Hearsay, Double Hearsay, and Bayesian Updates

Application of: How Much Evidence Does It Take?

(trigger warning: some description of domestic violence)

Summary: I discuss the strengths and weaknesses of one way that the American legal system tries to assess and cope with the unreliability of certain kinds of evidence. After explaining the relevant rules with references to a few recent famous cases and a non-notable case that I’m working on now, I briefly consider whether this part of the evidence code is above or below the sanity waterline, and suggest an incremental improvement.

Recently, I got to the point in my legal career where people are trusting me to write evidentiary briefs, i.e., to argue in front of a judge about what kinds of evidence are reliable enough to be safely presented to a jury. There is an odd division of epistemological labor in the American court system: judges are thought [page 90] to be better than juries at resisting passionate or manipulative oratory, and juries are thought to be better than judges at resisting bribery and (pre-existing) personal hatred. As a result, potentially inflammatory or unreliable evidence is presented first to a judge, who (much like one of Eliezer’s Confessors) is supposed to sift the exhibit to see if normal people can handle it without losing their tenuous grip on sanity. If and only if the evidence seems safe for ordinary human consumption, the judge will allow the lawyers to argue about that evidence in front of the jury. Otherwise, the evidence sits in a cardboard box in an unheated warehouse, safely away from the eyes of the jury, until it’s time for an appeal.

The Hearsay Rule

By way of a concrete example, one famous recent case featured a recorded 911 call made by a domestic violence victim to the emergency phone operator. The operator asked questions about the location and identity of the person who was accused of beating the caller. The caller answered the questions on tape, explicitly identifying her abuser as Mr. Adrian Martell Davis, and the answers were used first to find and arrest the suspect, and ultimately to convict him. The victim was apparently too intimidated to testify in open court, and so her recorded statement as to the name of her abuser was absolutely necessary to support a conviction—no recording, no conviction. Under the 400-year-old hearsay rule, recorded testimony typically is not allowed to be presented to a jury—courts are concerned that the person giving the recorded statement might be pressured by the police in ways that wouldn’t show up on tape, and that allowing a witness to testify without showing up in court unfairly deprives the defendant of a chance to (a) cross-examine the witness, and (b) have the jury see any facial tics, body language, etc. that undercut the witness’s credibility. In the 911 case, though, the Court faced a straight choice between finding an exception to the hearsay rule and letting an apparent abuser go free.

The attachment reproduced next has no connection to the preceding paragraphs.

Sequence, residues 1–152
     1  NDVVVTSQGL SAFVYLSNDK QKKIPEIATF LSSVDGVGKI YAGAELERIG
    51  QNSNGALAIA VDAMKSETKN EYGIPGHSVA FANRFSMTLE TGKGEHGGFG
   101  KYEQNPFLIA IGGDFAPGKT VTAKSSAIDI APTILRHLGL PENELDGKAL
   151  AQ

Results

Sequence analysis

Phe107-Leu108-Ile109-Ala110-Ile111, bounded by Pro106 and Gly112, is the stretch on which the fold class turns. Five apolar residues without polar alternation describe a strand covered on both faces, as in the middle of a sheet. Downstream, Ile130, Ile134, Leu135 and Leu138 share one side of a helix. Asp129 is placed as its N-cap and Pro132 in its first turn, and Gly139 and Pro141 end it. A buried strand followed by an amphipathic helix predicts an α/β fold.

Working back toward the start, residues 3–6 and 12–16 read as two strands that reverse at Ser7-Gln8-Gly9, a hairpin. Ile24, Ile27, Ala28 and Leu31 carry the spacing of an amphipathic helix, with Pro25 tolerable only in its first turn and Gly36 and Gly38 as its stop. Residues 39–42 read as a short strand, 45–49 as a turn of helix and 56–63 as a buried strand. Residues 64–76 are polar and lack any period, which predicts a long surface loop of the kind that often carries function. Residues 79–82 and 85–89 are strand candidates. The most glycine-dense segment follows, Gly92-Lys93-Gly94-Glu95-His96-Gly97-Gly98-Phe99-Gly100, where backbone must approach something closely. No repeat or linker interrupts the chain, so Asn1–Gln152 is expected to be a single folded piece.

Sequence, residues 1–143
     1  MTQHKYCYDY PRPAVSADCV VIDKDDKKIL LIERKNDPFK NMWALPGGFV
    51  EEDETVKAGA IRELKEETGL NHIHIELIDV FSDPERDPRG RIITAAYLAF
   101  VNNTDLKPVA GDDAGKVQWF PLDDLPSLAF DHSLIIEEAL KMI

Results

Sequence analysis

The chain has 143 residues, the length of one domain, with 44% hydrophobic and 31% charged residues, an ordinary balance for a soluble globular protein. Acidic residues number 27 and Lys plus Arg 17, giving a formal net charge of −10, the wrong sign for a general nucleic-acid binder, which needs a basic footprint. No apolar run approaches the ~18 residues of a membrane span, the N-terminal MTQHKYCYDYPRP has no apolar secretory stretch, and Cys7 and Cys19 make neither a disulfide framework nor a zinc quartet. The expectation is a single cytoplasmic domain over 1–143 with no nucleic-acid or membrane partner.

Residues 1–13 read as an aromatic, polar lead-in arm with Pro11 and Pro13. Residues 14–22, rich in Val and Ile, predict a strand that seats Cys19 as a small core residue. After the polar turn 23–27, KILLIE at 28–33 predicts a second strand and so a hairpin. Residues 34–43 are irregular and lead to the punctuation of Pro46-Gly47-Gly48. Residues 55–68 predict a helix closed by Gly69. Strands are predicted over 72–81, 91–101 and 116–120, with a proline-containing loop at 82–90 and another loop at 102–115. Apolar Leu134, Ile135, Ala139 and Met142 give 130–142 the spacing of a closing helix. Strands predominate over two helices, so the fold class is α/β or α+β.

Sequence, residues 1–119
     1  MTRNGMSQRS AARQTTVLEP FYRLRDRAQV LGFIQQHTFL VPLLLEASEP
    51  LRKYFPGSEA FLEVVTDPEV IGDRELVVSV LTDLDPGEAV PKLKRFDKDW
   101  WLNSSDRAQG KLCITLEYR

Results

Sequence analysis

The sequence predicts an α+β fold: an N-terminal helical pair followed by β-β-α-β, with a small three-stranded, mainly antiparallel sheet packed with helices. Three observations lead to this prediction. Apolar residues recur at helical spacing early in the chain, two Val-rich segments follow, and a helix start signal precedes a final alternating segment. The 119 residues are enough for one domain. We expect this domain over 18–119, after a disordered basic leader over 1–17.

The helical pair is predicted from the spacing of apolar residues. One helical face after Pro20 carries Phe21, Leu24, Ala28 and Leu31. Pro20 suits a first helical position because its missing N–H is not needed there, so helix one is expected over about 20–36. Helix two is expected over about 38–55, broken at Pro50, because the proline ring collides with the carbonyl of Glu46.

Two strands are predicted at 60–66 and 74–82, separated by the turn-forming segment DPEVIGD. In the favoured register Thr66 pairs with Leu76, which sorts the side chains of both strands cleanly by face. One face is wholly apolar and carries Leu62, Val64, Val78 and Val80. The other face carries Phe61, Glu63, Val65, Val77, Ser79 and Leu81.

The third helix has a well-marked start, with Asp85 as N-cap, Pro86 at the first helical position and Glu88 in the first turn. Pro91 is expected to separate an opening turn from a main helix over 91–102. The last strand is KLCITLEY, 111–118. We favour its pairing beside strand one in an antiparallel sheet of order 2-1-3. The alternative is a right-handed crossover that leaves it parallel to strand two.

In making this choice, the US Supreme Court managed to ignore a variety of emotionally salient but epistemologically irrelevant distractions, such as the seriousness of the crime, the relative helplessness of the victim, and the respectability of the 911 operator. Instead, the Court focused on the purpose for which the 911 statements were obtained. If the statements were obtained to help gather information needed to safely resolve an ongoing emergency, they could be used at trial. If the statements, however, were obtained to gather information about a past event, they could *not* be used at trial.

The theory supporting this distinction seems to have been that the right to cross-examine and the right to have the jury see body language are fungible elements of a more general reliability test. A stranger’s assertion, without more, could be true or could be false. It doesn’t count as very much evidence. To turn an assertion into enough evidence to convict someone beyond a reasonable doubt, you need to show that the assertion comes with “indicia of reliability.” Two of these indicia are cross-examination and body language—if a story checks out despite a vigorous unfriendly interview and the peer pressure of having to tell the story while physically in the room with other people from your community, then that’s pretty good evidence. But you might have reasons to believe a story even if you don’t get cross-examination or body language. In the case of the 911 call, one might think that the caller had a strong motive to tell the truth, because if she didn’t, then the police would go looking for the wrong guy, and her abuser would come find her and continue hurting her. Similarly, one might think that the operators had a strong motive to ask fair, non-leading questions, because of they didn’t get the right answer, then the police might show up in the wrong neighborhood or with the wrong expectations, and there could be an unnecessary firefight. Finally, one could argue that a recorded statement made as events were unfolding is inherently more reliable (in some ways) than a narrative given months or years after the event; human memory gets corrupted faster than 8-track tapes.

Some combination of these factors convinced the Court to admit the evidence. Other, very similar cases have been decided differently. Whether they got that particular decision right or wrong, though, the framework of “indicia of reliability” is hard-coded into American evidence law, especially for civil cases. If you want to present evidence to a jury based on a statement that was made outside of court, you have to give at least one reason why the statement is nevertheless reliable.